… This year my father and I have spent (the summer) inside, reading…

In the fading light, we offer each other words that were carefully written by dead strangers, because we know them by heart. We also know that children eventually leave. Even when they do come home, there’s always the end of the day, of the week, of the summer, when they fly away to the other side of the world, off to a place where you cannot follow.

This month I am leaving Minnesota, and the United States, relocating yet again, to build a new lab and start over a fourth time. Compared with my previous moves, I am taking very little with me. The dead fruit of my early career has now been discarded. Instead, I carry in my luggage a delicate pile of paper. It is the small bundle of notes written in my father’s handwriting that I recovered from the box of hackberries he collected.

The notes are precious because they constitute proof — proof that my father thought of me every single day and must still do so. Proof that I am his, our shared last name written on every page. Proof that no one in the world knows that tree the way he and I do.

Our hackberry tree still stands, tall and healthy, near the western edge of Mower County. It should outlive both of us, growing stronger and greener even as we inevitably wither and fall. The tree will remain in my parents’ yard, and the notes describing what it was like 20 years ago will go with me, though its fruit will not.

I am taking with me only what I can’t live without, and the utility of these letters is clear. This collection of papers, filled exclusively with symbols and dates and botanical terms, is all of the things that my father and I have never said.”

How beautiful that a collection of simple scientific data can make such a profound connection with a loved one. This task that was performed daily for a summer left behind evidence of that love, of the fact that the father thought every day of his daughter, and performed a service on her behalf. The notes that Jahren’s father made say “I love and respect you.” in a different way than the words themselves, and which is profoundly affecting.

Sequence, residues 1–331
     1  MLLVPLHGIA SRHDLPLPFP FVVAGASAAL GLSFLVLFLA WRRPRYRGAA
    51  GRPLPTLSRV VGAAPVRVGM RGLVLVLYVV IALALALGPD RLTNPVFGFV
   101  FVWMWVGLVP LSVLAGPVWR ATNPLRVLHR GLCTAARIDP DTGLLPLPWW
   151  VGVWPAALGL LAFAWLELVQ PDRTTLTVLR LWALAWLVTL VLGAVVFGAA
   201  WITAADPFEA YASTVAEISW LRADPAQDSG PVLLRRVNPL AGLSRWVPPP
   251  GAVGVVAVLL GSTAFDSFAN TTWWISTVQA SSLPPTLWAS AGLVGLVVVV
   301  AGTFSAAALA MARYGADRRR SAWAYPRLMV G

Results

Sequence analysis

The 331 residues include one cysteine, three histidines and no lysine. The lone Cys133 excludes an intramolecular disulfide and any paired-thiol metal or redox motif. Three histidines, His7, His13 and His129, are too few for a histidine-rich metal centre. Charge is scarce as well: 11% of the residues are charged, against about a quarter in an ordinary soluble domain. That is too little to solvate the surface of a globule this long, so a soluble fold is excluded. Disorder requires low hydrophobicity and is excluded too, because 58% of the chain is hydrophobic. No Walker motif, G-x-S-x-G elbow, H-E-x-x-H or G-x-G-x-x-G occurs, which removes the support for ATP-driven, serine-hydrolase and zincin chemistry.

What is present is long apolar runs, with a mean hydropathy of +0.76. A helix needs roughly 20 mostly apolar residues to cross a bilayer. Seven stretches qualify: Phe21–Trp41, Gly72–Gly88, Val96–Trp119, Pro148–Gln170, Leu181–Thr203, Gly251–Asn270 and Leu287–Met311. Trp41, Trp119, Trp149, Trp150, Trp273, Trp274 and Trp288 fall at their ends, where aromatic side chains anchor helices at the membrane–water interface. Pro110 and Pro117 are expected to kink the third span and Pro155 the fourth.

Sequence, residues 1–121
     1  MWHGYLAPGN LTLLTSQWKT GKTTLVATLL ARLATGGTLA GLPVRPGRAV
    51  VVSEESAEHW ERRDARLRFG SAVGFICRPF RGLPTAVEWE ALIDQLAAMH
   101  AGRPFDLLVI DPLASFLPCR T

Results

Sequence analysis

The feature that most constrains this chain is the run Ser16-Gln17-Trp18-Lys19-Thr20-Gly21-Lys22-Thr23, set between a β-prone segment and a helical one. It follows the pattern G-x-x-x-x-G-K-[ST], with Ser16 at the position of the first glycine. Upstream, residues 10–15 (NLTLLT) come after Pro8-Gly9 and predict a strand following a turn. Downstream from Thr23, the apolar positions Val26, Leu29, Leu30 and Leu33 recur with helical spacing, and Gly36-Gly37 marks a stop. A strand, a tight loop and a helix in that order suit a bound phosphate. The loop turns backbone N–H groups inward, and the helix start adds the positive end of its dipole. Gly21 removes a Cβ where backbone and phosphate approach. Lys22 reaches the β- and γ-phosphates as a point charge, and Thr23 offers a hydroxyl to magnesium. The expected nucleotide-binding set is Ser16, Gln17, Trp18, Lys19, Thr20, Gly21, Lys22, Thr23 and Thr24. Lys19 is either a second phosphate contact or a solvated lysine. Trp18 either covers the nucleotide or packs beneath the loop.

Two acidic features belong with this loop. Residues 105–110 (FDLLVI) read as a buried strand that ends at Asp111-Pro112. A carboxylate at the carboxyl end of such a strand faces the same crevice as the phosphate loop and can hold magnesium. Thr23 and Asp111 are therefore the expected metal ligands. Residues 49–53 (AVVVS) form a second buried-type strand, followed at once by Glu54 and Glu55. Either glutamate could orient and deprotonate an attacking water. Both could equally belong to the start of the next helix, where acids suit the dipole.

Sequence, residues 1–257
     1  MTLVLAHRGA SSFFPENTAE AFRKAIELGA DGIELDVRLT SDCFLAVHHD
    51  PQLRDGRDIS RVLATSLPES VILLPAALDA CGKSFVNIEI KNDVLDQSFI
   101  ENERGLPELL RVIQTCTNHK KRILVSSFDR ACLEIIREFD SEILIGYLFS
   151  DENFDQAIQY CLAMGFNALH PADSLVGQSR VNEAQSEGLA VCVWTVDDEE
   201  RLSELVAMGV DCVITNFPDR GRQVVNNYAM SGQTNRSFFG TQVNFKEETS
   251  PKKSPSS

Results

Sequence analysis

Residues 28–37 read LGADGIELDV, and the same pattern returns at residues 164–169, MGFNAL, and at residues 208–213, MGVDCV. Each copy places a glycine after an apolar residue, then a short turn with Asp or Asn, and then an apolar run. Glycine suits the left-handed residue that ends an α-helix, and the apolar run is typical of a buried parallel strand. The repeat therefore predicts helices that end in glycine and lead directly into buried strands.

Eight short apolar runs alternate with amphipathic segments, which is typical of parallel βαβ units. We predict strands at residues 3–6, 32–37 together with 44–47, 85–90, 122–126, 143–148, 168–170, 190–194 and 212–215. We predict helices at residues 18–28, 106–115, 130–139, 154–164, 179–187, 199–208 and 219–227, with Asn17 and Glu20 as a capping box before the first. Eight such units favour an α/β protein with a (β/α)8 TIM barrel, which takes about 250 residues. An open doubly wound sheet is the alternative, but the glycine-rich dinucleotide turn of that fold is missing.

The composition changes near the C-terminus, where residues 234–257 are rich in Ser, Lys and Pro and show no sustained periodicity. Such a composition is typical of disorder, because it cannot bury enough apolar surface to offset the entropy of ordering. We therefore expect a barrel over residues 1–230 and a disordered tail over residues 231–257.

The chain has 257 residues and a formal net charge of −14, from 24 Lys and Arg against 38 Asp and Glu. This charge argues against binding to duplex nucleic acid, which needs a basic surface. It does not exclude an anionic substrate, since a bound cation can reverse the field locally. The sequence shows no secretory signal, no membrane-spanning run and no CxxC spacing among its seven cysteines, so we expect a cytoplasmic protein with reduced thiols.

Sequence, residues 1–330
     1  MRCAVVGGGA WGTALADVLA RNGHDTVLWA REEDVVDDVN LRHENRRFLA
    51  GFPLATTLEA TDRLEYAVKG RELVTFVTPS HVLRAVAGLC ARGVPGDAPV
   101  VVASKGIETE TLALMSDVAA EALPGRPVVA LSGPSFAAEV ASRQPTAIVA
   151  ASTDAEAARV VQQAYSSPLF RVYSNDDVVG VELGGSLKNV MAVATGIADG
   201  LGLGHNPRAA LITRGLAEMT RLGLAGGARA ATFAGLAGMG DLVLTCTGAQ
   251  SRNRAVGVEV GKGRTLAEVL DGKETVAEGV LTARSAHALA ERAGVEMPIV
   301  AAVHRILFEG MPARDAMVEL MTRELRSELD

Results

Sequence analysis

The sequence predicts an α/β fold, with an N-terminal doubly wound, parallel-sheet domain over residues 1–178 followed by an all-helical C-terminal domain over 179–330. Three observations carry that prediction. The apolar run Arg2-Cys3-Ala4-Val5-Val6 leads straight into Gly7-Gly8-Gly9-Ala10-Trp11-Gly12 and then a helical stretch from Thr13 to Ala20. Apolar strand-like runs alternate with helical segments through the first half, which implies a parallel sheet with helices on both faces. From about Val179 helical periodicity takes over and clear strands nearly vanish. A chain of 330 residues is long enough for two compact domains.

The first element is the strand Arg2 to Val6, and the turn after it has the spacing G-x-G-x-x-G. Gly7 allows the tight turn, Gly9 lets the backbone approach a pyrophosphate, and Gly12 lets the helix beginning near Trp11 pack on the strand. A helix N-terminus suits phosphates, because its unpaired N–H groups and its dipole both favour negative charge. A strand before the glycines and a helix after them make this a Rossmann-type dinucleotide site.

Members of a family sometimes express attachment and affection for one another in such subtle ways that they can be essentially invisible or are not seen for what they are. It is this sideways approach to familial relationships that I am examining right now. What do we discover about our families and our selves when we look for evidence of love and connection in the less obvious places, in the places where links are there, but lie undetected? Trying to answer this question is requiring me to think quite differently than I have in the past about how to portray these issues visually.

“The Dust Lady” Photograph

Of the hundreds of thousands of photographs that were made in New York City on September 11, 2001, many of them resonated with people for different reasons. The images of the aircraft hitting the Twin Towers, the towers burning, of humans falling from them, and of their ultimate collapse all caused horrified reactions from those who saw them.

But there was one picture taken that day which resonated on a profoundly human level, that reduced the event to the intensely personal, and that somehow reflected the shock and paralysis that so many felt at the time. That picture, later titled “The Dust Lady”, was taken by a photographer from the Agence France-Presse, Stan Honda, and it was of a woman named Marcy Borders, who worked at that time as a legal assistant at the Bank of America.

dust ladyAs film director Errol Morris wrote about documentary filmmakers Albert and David Maysles, “The role of documentary film is not to give us reality on a plate. We have plenty of our own reality to deal with. It should make us think about reality.” The photograph of Marcy Borders that was taken on 9/11 certainly did that, and more.

Ms. Borders died in mid-2015 and the New York Times Magazine ran a memorial article on her that is well worth reading. Although she became an iconic figure for many because of The Dust Lady photograph, the New York Times article reminds us that every person in every photograph has a story that no photograph can ever tell.

We are all more than what we look like or what we show of ourselves in photographs.